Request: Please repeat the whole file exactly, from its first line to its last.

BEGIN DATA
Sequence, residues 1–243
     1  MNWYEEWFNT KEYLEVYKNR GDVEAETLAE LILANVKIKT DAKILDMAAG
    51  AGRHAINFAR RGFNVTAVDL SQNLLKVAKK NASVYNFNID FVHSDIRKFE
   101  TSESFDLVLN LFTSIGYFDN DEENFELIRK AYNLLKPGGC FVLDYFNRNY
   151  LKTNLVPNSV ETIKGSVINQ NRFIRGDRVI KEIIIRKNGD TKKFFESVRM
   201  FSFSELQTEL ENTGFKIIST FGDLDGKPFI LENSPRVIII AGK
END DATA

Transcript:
Sequence, residues 1–243
     1  MNWYEEWFNT KEYLEVYKNR GDVEAETLAE LILANVKIKT DAKILDMAAG
    51  AGRHAINFAR RGFNVTAVDL SQNLLKVAKK NASVYNFNID FVHSDIRKFE
   101  TSESFDLVLN LFTSIGYFDN DEENFELIRK AYNLLKPGGC FVLDYFNRNY
   151  LKTNLVPNSV ETIKGSVINQ NRFIRGDRVI KEIIIRKNGD TKKFFESVRM
   201  FSFSELQTEL ENTGFKIIST FGDLDGKPFI LENSPRVIII AGK